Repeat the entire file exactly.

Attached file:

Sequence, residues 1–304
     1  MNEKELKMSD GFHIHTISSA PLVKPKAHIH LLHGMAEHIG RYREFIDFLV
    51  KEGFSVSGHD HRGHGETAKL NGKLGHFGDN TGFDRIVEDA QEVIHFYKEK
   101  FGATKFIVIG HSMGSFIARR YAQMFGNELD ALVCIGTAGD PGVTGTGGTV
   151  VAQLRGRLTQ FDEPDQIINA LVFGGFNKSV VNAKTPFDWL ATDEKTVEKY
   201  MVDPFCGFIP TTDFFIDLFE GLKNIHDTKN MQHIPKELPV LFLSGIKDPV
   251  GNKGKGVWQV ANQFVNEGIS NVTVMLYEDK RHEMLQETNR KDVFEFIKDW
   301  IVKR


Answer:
Sequence, residues 1–304
     1  MNEKELKMSD GFHIHTISSA PLVKPKAHIH LLHGMAEHIG RYREFIDFLV
    51  KEGFSVSGHD HRGHGETAKL NGKLGHFGDN TGFDRIVEDA QEVIHFYKEK
   101  FGATKFIVIG HSMGSFIARR YAQMFGNELD ALVCIGTAGD PGVTGTGGTV
   151  VAQLRGRLTQ FDEPDQIINA LVFGGFNKSV VNAKTPFDWL ATDEKTVEKY
   201  MVDPFCGFIP TTDFFIDLFE GLKNIHDTKN MQHIPKELPV LFLSGIKDPV
   251  GNKGKGVWQV ANQFVNEGIS NVTVMLYEDK RHEMLQETNR KDVFEFIKDW
   301  IVKR